Tag Archives: true beauty

I’m Sorry, but Keira Knightley’s Topless Photo Does Not Count as a Win in the War Against Photoshop

I consider myself a somewhat fit person. I try to do yoga at least once a week. I bike to school. I force-feed myself smoothies (I’ve almost convinced myself that I like them). I also think I’m a fairly confident person. The mental image I hold of myself is, if anything, a little too gracious.

Damn girl, you’re looking fine today!

That being said, after unwillingly encountering photo after photo of perfectly photoshopped women day after day, sometimes I start feeling pretty freaking ugly.

This feeling of inadequacy, directly linked to viewing altered images, makes a lot of people wish there was a wider representation of body types in the media. We want to see people who look like us on TV and in magazines. And we want to see those people presented as attractive, not merely as comic relief or as a foil to the attractive characters. Continue reading

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Shame Day: The Body Positive Movement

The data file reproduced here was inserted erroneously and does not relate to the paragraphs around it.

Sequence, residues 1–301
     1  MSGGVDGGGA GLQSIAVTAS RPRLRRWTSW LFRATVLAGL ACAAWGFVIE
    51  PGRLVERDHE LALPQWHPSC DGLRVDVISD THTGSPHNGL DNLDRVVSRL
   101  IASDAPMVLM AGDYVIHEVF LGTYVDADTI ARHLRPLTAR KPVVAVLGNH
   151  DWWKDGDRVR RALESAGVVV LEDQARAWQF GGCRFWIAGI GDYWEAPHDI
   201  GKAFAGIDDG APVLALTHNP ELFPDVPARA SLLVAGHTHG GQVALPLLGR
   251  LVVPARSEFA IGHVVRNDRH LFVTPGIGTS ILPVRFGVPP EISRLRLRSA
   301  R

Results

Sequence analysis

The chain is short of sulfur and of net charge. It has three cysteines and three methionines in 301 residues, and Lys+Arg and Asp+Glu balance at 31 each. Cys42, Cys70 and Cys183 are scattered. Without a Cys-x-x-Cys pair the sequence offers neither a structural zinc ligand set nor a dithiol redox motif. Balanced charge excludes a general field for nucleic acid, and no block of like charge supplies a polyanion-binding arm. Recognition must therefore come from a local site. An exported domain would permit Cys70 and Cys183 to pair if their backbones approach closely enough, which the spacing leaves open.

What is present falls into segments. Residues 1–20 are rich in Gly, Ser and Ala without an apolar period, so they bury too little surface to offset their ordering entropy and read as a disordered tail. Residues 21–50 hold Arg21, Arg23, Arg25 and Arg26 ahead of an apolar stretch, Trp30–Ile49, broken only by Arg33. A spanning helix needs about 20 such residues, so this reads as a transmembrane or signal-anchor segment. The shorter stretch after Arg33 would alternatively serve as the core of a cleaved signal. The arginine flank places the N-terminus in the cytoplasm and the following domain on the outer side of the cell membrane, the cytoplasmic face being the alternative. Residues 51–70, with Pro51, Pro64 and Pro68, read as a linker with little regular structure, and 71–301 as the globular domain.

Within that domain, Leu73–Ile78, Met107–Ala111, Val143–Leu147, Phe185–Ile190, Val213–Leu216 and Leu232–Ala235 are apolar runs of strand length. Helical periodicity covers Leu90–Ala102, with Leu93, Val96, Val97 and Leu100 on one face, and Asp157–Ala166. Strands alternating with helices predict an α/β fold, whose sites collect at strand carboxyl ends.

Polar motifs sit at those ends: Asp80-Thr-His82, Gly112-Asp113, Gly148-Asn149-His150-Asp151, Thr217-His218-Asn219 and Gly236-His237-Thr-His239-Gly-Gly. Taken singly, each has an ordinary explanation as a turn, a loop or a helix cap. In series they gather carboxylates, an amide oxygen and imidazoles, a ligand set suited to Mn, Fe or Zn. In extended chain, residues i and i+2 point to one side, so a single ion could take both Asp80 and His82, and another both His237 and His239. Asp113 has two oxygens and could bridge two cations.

I was recently listening to a stand-up routine by British comedian Robert Newman, who in the course of an Iraq War joke stated something I thought was pretty dang profound.

“Just because you’re fighting the bad guys doesn’t mean that you’re the good guys.”

I really can’t think of anyone this statement applies better to than the adherents of the rising “Body Positive Movement.”

You hear that, starving kids in Sudan?

Who are these people? Well, the the “body positive” movement is the result of a reaction against the air-brushed, Photoshopped, and ultimately anorexic presentation of beauty offered by mainstream culture. It’s given us Dove’s “True Beauty Campaign” in which “real” women were used as models (hoping you’ll forget that the same people who run Dove run Axe).

It’s given us memes like this:

And it’s given us a host of philosophical epitaphs on how the size of your brain or heart are vastly more important than the size of your waistline.

“Buuuut we’re gonna use a skinny model anyways…”

And it all has a certain logic to it. Forget society’s standards! Be comfortable with who you are! Your insides are all that should count! Reject anorexic beauty standards! Enough making yourself sick trying to pursue unrealistic and unattainable goals! Only you can make you feel inferior!

And so on.

Now I know that it must sound pretty weird that these people would wind up being the subject of a Shame Day. After all, what’s wrong with rejecting the media’s unattainable and anorexic standard of beauty and embracing your body for what it is?